‘Grand Illusion’ is Renoir’s masterpiece

"Grand Illusion" — Photo courtesy of The Criterion Collection
Grand Illusion is available from the Criterion Collection — Photo courtesy of the Criterion Collection

Grand Illusion is Jean Renoir’s masterpiece, and its influence can be seen in quite a number of prison escape movies throughout the years. Detailing the difficulties of French soldiers in a German prison during World War I, the movie stands as an allegory on the way Europe used to be, before all the carnage and mayhem.

Jean Gabin plays Lt. Marechal, and Pierre Fresnay plays Capt. de Boeldieu. They are two French soldiers taken in as prisoners near the end of the multi-year conflict. At first, it seems that the two have hit the jackpot of prisons. They are treated with respect by the German officers and offered a generally free life with food and comfort. The guards’ one rule is simple enough: Don’t escape.

These early scenes of calm behind enemy lines are striking for modern audiences. When one thinks of armed conflict, inevitably death and horrible conditions come to mind. After all, it was the German camp system that would go on to earn a treacherous reputation in World War II. But in Grand Illusion, everything seems so relaxed.

Renoir is tapping into a lost age where conflict was between men of a certain class and temperament. Yes, they have loyalty to their home countries, but they also understand that war makes unfortunate victims out of good men. Every character in the film realizes that there are real humans on the other side of the battle lines. There is also a respect that the French soldiers earn according to their own class. Captain de Boeldieu is given preferential treatment, mostly because he’s a captain.

Of course, lack of freedom is lack of freedom, and these soldiers still want out of the prison. So they devise a few plans to escape; one of these plans involves tunneling under the camp all the way beyond the fence. Modern audiences should recognize these scenes from the many movies that have been influenced by Renoir’s work. The Great Escape with Steve McQueen is one that certainly takes a lead from Grand Illusion. The Shawshank Redemption seems a child of this great French film as well.

When I saw the soldiers out in the field, enjoying a few rays of sunlight, I was surprised to see them secretly depositing dirt from their tunneling project. That particular scene has been represented in several movies over the years.

Eventually Gabin and Fresnay’s characters are shipped out to a different prison, this one under the control of Capt. von Rauffenstein, played by the great character actor Erich von Stroheim. Again, his costume and acting style seems to have left an indelible mark on cinematic history. He has a monocle snugged into his right eye socket and walks around with a strict posture. If audiences think of any German villain over the years (from Young Frankenstein to World War II films), von Stroheim’s work seems to have had an influence.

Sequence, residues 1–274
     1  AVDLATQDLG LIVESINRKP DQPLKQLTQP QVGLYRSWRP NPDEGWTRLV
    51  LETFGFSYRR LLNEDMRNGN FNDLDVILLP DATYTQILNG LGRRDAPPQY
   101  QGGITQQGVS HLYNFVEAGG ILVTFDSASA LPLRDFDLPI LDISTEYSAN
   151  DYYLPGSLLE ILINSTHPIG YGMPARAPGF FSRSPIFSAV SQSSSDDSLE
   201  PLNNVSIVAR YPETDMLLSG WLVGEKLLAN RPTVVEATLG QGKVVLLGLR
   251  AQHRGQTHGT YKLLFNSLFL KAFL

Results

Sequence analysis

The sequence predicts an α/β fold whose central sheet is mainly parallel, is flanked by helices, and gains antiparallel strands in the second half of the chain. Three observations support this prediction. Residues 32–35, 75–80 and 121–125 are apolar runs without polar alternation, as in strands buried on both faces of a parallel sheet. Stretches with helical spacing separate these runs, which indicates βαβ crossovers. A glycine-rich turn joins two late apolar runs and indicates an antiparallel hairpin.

Renoir is a master storyteller, and the Criterion Collection’s edition is beautiful. The special features include a restored digital transfer that is breathtaking. This 1938 film feels like a movie made a few years ago. The English subtitles are also nicely written. I appreciated the historical supplements detailing Grand Illusion’s rocky history as a banned film.

Do yourself a favor and check out Grand Illusion. It’s a classic film that earns such a distinction. Fall in love with Renoir’s imagery and his message of war and peace.

By John Soltes / Publisher / John@HollywoodSoapbox.com
  • Grand Illusion
  • 1938
  • In French, with English subtitles
  • Directed by Jean Renoir
  • Written by Renoir and Charles Spaak
  • Starring Jean Gabin, Pierre Fresnay, Dita Parlo, Marcel Dalio and Erich von Stroheim
  • Running time: 114 minutes
  • Not Rated
  • Rating: ★★★★

Revised

John Soltes

John Soltes is an award-winning journalist. His writing has appeared in The New York Times, Earth Island Journal, The Hollywood Reporter, New Jersey Monthly and at Time.com, among other publications. E-mail him at john@hollywoodsoapbox.com

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